Thus it can be seen that there is described herein a wing pivot mechanism which provides a simple flexible ring which supports the wing structure in flight and also absorbs wing strains due to flight loads as well as reversed loads encountered from landing shocks. The mechanism provides these features in a simple unitary ring structure with a minimum of attachment hardware.
1. In an aircraft having a wing and a fuselage with a longitudinal axis, said wing being rotatable on a wing pivot device between a flight position with the wing span approximately orthogonal to the fuselage longitudinal axis and a stowed position with the wing span approximately parallel to the longitudinal axis of the fuselage, said wing pivot device comprising:
- a pivot ring attached to said fuselage for rotation on said fuselage about a vertical axis;
- at least one forward wing attachment member formed on the upper edge of said ring for attaching the leading portion of said wing to said ring;
- at least one aft wing attachment member formed on the upper edge of said ring for attaching the trailing portion of said wing to said ring;
- at least one forward primary fuselage attachment member formed on the lower edge of said ring for attaching the forward portion of said ring to the fuselage;
- at least one aft primary fuselage attachment member formed on the lower edge of said ring for attaching the aft portion of said ring to the fuselage;
- wing attachment assemblies connected to each of said wing attachment members for attaching said ring to said wing;
- primary fuselage attachment assemblies fixed to said fuselage and connected in sliding engagement
- with the lower edge of said ring, said primary attachment assemblies allowing said ring to rotate about a vertical axis of said fuselage;
- removable locking means connected to said primary fuselage attachment assemblies for selectively locking said wing to the fuselage at the primary fuselage attachment members in the flight position; and
- means for rotating said ring about a vertical axis.
2. The wing pivot device according to claim 1 wherein the ring is a unitary structure.
3. The wing pivot device according to claim 2 wherein said ring is a metallic unitary structure.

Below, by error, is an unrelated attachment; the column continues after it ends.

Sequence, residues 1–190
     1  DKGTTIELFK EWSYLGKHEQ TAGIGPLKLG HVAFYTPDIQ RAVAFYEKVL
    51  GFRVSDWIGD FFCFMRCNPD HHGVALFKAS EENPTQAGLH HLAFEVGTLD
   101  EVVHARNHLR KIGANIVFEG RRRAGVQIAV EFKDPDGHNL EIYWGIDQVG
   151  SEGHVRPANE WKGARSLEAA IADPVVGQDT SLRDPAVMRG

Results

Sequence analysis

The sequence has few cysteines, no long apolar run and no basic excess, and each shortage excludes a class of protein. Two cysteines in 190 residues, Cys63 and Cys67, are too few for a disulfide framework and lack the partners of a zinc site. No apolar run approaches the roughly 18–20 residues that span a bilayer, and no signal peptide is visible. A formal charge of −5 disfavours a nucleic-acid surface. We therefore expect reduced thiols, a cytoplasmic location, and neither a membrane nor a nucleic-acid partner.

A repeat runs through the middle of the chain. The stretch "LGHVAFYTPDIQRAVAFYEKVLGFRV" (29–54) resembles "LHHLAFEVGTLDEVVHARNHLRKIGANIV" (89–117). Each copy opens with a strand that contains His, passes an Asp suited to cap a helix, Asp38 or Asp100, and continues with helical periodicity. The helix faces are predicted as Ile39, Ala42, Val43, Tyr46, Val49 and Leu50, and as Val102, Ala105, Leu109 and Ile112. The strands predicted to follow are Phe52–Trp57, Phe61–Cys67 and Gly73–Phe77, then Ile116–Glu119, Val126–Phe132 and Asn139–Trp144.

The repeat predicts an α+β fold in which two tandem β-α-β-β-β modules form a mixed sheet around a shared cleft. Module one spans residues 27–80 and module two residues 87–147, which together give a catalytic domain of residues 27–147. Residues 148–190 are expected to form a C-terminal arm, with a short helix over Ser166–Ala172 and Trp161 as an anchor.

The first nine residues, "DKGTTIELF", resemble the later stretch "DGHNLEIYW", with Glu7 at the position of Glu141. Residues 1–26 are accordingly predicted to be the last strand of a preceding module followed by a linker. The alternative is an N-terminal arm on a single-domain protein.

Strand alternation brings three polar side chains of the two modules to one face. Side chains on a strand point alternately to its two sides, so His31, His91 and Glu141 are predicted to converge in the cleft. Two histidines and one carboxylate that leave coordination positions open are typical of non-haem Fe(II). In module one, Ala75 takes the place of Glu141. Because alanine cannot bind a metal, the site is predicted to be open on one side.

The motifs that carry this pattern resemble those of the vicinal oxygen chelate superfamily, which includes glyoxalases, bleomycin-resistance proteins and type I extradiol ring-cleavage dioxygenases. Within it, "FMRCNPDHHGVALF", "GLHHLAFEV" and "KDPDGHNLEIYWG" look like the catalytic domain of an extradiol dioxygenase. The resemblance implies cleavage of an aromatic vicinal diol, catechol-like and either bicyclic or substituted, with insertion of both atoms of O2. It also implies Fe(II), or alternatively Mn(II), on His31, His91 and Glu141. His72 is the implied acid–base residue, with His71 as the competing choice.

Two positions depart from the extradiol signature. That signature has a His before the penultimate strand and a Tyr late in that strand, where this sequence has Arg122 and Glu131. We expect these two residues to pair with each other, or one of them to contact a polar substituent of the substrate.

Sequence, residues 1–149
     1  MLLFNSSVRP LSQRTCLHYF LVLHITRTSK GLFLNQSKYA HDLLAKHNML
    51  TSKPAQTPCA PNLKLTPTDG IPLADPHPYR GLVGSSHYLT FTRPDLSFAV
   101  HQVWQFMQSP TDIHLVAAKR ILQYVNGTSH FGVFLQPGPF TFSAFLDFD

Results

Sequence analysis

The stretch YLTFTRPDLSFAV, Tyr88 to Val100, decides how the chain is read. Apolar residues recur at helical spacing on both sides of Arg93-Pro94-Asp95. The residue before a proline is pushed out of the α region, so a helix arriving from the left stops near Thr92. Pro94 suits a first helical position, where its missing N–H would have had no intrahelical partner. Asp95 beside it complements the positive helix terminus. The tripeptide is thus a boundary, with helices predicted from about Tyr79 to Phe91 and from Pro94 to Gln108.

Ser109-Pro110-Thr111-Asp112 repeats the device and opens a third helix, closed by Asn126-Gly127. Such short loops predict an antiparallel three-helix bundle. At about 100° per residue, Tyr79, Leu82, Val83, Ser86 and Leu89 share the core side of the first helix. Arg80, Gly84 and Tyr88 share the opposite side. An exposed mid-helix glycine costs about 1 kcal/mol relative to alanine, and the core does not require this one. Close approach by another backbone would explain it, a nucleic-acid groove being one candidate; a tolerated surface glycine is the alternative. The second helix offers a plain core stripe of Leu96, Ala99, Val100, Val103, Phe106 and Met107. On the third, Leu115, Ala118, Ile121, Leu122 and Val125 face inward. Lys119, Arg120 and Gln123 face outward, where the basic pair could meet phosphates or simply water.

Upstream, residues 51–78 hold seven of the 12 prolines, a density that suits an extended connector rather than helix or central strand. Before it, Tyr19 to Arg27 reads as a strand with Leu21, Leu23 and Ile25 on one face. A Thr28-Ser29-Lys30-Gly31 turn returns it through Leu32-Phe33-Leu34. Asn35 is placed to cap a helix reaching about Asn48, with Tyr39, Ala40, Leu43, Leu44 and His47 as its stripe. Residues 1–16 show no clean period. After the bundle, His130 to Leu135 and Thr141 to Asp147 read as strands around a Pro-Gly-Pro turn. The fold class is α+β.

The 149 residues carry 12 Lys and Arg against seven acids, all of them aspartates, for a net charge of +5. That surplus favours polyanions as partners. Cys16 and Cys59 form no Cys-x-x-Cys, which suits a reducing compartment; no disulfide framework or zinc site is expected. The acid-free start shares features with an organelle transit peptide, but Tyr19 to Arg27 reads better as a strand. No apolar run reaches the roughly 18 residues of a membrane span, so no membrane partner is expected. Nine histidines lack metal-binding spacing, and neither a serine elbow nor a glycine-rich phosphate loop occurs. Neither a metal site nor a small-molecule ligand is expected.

4. The wing pivot device according to claim 3 wherein said ring is stainless steel.
5. The wing pivot device according to claim 2 wherein each of said wing attachment members is vertically aligned with one of said primary fuselage attachment members and is connected to the fuselage attachment member by a radially flexible column.
6. The wing pivot device according to claim 5 wherein said ring is connected to said wing and said fuselage by means of spherical bearings.
7. The wing pivot device according to claim 5 and further comprising:
- a slider member formed along the lower edge of said ring, said slider portion being a widened portion of said ring and extending from the inside and outside peripheral surfaces of said ring;
- shoe portions formed at the upper edge of said primary fuselage attachment assemblies, said shoe partially enclosing the upper surface of said ring slider member for allowing sliding rotation of said ring on said fuselage.
8. The wing point device according to claim 7 and further comprising a plurality of secondary fuselage attachment assemblies attached to said fuselage and arranged around the perimeter of said ring between said primary fuselage attachment points.
9. The wing attachment device according to claim 8 wherein each of said secondary fuselage pivot points includes a shoe portion at its upper edge, said shoe portion partially enclosing the upper surface of said ring slider member for allowing sliding rotation of said ring on said fuselage.